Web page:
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Rea
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A parent at nursery expressed concern that her daughter may end up being diagnosed with 'ADHD or something' because of the child's tendency to put toys and equipment into lines and to fold drawings and paintings. I explained that her daughter was merely working through what were called 'schemas' and that far from there being something wrong she was demonstrating normal development. Mom wasnt convinced so I said I would find her something which would help to explain what her daughter was doing. Problem is there are so many pages on schemas and Piaget and none seem very reader friendly. Has anyone got a simplified version of what a schema is? :D

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Does this help - from the introduction to a set of booklets, one for each of the 4 main schemas, that we made on an OCN schema course last year?

 

WHAT ARE SCHEMAS?

 

A SCHEMA is simply a PATTERN OF BEHAVIOUR

When you watch children’s natural actions and investigations you notice that their behaviour is not random. There is a pattern to each individual child’s behaviour. We call this pattern in behaviour “schemas”

Parents / carers and teachers can often identify these patterns of behaviour or schemas by looking closely at what children are doing.

 

Parents often comment or ask questions about the “odd” and sometimes annoying things that their children do. For example:

 

• Why push a pram around with nothing in?

• Why post objects into video recorders etc?

• Why tip toys out of boxes or scatter things off tables?

• Why is their child tying toys / people together?

• Why do children prefer to play inside cardboard boxes, want to hide under their beds or make dens under tables?

• Why do they want to wrap everything up, sometimes even themselves?

• Why does their child continually climb onto things and jump off again?

• Why do some children have a fascination with running water and flood the bathroom?

• Why do some children line objects up in a row when others make towers with everything?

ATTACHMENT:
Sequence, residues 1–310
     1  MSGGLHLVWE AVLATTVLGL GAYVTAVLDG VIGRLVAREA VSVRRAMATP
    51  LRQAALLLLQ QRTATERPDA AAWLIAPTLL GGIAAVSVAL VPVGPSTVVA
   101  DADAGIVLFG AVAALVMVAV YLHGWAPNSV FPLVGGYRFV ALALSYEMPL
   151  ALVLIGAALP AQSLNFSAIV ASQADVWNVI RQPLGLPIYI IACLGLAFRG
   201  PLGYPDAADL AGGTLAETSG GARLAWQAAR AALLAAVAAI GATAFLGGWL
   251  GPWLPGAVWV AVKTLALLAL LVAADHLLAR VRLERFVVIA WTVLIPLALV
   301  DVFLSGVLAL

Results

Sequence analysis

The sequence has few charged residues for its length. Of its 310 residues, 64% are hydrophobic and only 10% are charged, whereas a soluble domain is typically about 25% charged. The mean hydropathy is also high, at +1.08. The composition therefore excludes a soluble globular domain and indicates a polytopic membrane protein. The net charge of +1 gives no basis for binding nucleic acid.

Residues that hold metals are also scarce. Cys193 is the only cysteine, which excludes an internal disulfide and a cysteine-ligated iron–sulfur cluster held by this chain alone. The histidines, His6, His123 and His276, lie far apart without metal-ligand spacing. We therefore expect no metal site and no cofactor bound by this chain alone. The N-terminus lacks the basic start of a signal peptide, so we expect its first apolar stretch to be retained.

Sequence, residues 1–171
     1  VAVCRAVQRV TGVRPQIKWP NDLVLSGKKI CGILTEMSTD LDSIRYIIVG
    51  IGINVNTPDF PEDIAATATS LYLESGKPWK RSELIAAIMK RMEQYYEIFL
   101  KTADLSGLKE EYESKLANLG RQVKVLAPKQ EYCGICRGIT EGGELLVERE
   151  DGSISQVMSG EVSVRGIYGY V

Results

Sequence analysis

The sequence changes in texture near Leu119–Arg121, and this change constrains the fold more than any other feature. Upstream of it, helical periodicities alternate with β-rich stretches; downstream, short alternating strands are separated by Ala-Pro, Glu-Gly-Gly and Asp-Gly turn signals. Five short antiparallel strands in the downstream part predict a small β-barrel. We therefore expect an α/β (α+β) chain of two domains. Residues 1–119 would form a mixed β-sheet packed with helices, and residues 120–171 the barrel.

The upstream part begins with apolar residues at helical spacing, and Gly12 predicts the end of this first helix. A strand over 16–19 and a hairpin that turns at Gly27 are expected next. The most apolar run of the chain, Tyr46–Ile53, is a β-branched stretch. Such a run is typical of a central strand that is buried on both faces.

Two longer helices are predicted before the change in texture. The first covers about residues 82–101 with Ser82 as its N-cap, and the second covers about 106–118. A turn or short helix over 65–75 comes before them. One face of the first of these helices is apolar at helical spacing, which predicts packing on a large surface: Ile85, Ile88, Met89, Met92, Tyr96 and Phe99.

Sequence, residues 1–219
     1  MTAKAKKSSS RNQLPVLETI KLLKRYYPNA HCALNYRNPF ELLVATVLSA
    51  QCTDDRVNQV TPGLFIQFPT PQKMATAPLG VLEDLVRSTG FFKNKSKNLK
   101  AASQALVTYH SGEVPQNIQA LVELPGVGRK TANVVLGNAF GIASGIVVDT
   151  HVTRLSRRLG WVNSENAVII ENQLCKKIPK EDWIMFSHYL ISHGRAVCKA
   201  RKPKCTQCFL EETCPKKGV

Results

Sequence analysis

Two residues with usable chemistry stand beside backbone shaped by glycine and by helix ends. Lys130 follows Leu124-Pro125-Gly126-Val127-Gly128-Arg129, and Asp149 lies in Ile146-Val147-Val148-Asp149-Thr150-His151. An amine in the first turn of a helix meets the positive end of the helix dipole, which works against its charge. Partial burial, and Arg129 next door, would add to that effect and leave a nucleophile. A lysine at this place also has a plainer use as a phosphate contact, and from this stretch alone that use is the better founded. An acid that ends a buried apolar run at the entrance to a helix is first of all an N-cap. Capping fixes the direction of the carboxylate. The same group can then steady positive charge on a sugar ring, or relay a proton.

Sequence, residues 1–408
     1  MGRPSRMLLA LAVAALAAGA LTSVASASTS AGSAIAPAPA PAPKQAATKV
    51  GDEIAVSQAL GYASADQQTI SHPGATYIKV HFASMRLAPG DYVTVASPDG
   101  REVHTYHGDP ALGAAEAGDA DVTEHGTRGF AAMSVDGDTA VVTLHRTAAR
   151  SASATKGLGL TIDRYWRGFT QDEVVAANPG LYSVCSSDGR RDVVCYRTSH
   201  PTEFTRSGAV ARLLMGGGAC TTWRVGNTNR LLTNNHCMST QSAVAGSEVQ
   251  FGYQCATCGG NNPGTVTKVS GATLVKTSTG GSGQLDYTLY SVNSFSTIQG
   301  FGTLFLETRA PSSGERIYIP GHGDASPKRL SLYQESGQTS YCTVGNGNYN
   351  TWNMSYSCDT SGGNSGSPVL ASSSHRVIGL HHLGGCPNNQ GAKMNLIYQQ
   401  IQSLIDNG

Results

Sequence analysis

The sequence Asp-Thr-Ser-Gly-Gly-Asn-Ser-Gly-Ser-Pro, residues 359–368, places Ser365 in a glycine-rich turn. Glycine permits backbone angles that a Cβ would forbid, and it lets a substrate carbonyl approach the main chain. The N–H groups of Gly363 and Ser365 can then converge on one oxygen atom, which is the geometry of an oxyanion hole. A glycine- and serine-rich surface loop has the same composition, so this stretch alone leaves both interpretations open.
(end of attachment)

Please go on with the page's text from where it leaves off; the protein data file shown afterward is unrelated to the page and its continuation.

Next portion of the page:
By understanding a child’s schema/s we can begin to make sense of these “odd” and sometimes annoying behaviours

 

CHILDREN’S INTERESTS

 

Some children have one very clear schema; other children may have a number of schemas called “clusters”

 

By knowing which schema your child is interested in you can begin to make sense of what your child is doing. It can help you to understand:

 

• Why your child is more interested in the cardboard box than the toy it contained (enclosure schema)

• Why a ball of wool worth £1.00 is better to spend your money on than a £100 toy (connection schema)

• Why you can never find your car keys because your child has posted them somewhere (enclosure schema)

• Why your child is always in the bathroom causing a flood (trajectory schema)

 

 

 

 

 

 

 

• Why your child always wants to sweep or Hoover the carpet (trajectory schema)

• Why your child is more interested in watching the washing machine than watching the television. (rotational schema)

• Why your child runs around being a superhero (transporting schema)

• Why your child moves things from one place to another for no apparent reason (transporting schema)

 

At Pre School we use schemas as an observation tool. We can plan activities to meet children’s needs.

 

To support children’s schemas we prioritise the use of recycled and natural materials.

 

Curtailing a child’s schema may inhibit his / her foundation for learning

Inhibiting a child’s schema may also impair their ability to reach a goal.

 

Oh, sorry, forgot to take the graphics out. Anyway, if it helps I can pm you the full booklet/s. Sounds like it's the trajectory one you'd be looking at.

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I've got a question on schema's, Where do they fit in with the six areas of learning?

 

The reason I ask is that I've often wondered where to record them in the childrens achievement files, which are laid out like our transfer records as PSE, CLL, Maths, KUW, PHYS, and CREA.

I assume they are cross curricular.

 

Maybe I need a few pages for cross curricular records. I know most achievements can be cross referenced to more than one area, but a schema, to me doesn't fall into any particular one, or can it?

please enlighten me anyone. :D

I asked my EYAT where I should record a schema of a child who lined everything up, from cars, to compare bears to even the pumpkin seeds he glued to paper just yesterday. :o She didn't know, just said it was cognitive development. xD

 

 

Peggy

 

p.s. weightman your description is very useful, thank you.

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Wow! A couple of really good sites there, Marion and ASPK! If I had known about those a few months ago I could have done my assignments much more quickly!